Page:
Like any budding artist (yes, I’m counting breakfast writing as art – it’s certainly not blasphemy or pornography), I have gone on tour in Japan! The only problem with this, I suppose, is that cafe muesli is a rare beast in this land. In fact, according to my extensive searching (read, I googled “city x cafe muesli”) there has so far been only one place that I have found that caters to my very specific Western breakfast needs. But I’ll get to that. First, I’ll set the scene. Cereal is not the norm here. I have been starting my days with convenience store bought aloe vera yoghurt, which advertises that it is “good for beauty body” so I guess that’s probably the wisest thing to eat in the morning. Just quickly, in Japan 7-11s and their ilk are the best and a far cry from the over priced service stations back home. Let’s just say I’d happily eat an egg and mayo sandwich from a 7-11 in Japan.

Back to breakfast. Probably the beautiful low point for me was having the most ornate, meticulous traditional Japanese breakfast prepared in the room Baby Chino and I were staying in. Eating fish, tofu and pickles for breakfast was too much for my three weetbix and a banana palate to handle. After that the search for cereal intensified, and I found success in Kyoto: Cafe Sentido is a glorious anomaly near the Karasuma Oike subway station. Blackboards cheerily announce the menu which includes the much sought after ‘cereal set’. That’s all I needed. Without further ado, calling on the language skills that Chic Pea tried hard to impart to me I ordered for myself and Baby Chino:

Cereal set oh futatsu onegaishimas

When this was met with a friendly, lengthy reply asking for my preference about something, my Japanese competency reached capacity and I just said a blank-faced yes to everything that followed. This is the result of my confusion:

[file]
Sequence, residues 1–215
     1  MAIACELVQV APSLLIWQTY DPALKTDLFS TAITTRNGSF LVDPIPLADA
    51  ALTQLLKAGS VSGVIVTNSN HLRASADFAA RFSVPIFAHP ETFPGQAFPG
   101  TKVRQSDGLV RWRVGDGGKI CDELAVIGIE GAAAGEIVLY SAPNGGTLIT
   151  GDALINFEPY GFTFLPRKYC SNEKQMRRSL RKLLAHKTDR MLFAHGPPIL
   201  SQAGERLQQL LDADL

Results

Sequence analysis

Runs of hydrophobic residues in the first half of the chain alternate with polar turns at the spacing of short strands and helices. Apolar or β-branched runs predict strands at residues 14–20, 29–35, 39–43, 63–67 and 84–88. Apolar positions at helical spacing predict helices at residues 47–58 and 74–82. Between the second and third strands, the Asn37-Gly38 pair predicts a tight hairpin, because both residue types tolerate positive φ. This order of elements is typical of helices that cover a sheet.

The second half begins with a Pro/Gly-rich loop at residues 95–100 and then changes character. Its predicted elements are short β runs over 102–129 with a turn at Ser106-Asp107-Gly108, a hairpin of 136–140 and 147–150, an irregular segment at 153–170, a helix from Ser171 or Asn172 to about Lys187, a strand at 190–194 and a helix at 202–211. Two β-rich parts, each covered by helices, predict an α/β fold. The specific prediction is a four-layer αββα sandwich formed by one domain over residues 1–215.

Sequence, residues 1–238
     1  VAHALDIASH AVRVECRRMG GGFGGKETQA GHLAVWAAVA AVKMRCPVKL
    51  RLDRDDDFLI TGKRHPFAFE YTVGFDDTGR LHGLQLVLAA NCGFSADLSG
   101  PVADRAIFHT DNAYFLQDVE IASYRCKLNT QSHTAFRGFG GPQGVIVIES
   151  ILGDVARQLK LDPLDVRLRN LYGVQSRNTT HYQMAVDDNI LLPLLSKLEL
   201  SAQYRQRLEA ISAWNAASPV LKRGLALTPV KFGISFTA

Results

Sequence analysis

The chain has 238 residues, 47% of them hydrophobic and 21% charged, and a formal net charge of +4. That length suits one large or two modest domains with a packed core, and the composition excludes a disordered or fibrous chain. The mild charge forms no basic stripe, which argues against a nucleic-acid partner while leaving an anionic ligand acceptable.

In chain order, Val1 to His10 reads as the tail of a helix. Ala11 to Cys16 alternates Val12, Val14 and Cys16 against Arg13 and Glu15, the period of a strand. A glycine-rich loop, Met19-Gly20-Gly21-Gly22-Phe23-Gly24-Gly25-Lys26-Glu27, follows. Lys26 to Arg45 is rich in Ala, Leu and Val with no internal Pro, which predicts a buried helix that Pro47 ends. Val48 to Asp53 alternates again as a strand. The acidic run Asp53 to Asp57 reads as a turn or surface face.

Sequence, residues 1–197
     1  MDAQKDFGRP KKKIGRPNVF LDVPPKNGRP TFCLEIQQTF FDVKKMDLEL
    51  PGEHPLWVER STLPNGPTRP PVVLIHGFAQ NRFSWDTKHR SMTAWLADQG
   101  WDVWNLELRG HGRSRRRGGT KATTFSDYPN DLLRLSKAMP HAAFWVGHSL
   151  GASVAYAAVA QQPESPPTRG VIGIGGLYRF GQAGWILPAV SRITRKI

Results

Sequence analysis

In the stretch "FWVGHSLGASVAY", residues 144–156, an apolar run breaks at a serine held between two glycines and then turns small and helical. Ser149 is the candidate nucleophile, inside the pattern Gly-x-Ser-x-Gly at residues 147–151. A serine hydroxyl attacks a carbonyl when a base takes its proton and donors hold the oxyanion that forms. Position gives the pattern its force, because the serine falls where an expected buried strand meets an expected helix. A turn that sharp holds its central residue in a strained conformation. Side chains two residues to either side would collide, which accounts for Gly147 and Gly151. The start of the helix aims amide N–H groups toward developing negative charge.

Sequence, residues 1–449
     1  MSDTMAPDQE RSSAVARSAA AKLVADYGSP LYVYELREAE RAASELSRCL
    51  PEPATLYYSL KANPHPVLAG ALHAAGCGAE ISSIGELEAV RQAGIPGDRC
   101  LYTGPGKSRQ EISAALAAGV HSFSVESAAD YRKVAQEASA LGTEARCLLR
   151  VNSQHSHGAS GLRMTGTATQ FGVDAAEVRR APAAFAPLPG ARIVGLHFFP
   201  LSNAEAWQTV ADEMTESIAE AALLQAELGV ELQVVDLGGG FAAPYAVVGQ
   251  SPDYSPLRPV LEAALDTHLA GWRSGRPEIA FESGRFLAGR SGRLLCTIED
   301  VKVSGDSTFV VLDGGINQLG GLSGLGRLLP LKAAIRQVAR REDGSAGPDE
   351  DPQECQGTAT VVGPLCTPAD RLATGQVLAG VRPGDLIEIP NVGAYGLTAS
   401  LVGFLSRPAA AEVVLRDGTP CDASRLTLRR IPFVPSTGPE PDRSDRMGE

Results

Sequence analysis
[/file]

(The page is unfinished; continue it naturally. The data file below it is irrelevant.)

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Hooray! This was granola, and like most things in Japan from my height perspective, everything about it was tiny. The oats were in sweetly toasted fragments, combined with similarly obliterated nuts. Together these created a crunch-fest that I had been sorely missing in the morning. The prospect of slurping yoghurt for breakfast every morning is one reason to look after my teeth I suppose. The dollop of yoghurt in this meal cooly contained delicate slivers of banana. Fruit is very expensive here, I have seen cantaloupes from the equivalent of $21 – $70 each, but it is also so richly tasty. These banana slices seemed to have a concentrated flavour, that made my brain sing with the happiness many good breakfast memories. The meal seemed over almost as soon as it began, but it was worth every yen.

Final word: If you are living in Japan or are travelling for any length of time and have a bit of homehungriness for a cafe breakfast, find Sentido in Kyoto. Cereal rejuvenation awaits!

Good muesli, Kyoto!

-MM

Home Made Special: OMG Granola – Oh My Ginger!

This latest homemade special is fulfilling a reader’s request to review the muesli that her very brave mother has made in a life-change involving the decision to dedicate her days to creating food through her Yarra Valley-based company OMG Cereals. I have the utmost respect for people making hard decisions to follow their dreams – especially if those dreams are oat related.

I was sent a packet of normal granola, gluten free granola and in a very touching gesture, a high-energy biscuit. If you are reading this, OMG-mumma, I cycled with vigour after eating that cookie!

OMG Granola:

Granola is such an easy breakfast as it does not require soaking overnight to unlock the awesome texture of oats, rather it promises a crunch-fest with simply the addition of milk and yoghurt. Here is the granola pre-yoghurt and for some reason pre-milk. I suppose I wanted to capture the essence of dry breakfast, and I feel like I succeeded:

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The first thing that struck me about this granola was the aroma – upon opening the packet I was met with a spiciness that suggested that I was in for an exotic experience. There was an impressive density of almonds and dried fruit that, in the presence of the spices, created an almost savoury flavour. I’ll admit I was in intellectual and gustatory shock given that granola tends to have very sweet connotations. What an original take on muesli! After the first bite, there was a lingering taste that I couldn’t quite place and that was reminding me of travelling on the Spirit of Tasmania as a rowdy teenager. This was a feeling the required further analysis as I tend not to have seafaring flashbacks during breakfast. With the next mouthful I realised that this granola contains ginger – which I did use as a remedy for nausea back in the day. This is quite a polarising ingredient and I might recommend to the creator of this muesli to ease back on the ginger as it is not to everyone’s taste in such quantities. Nevertheless, it did add to this being a truly unique, refreshingly savoury take on granola.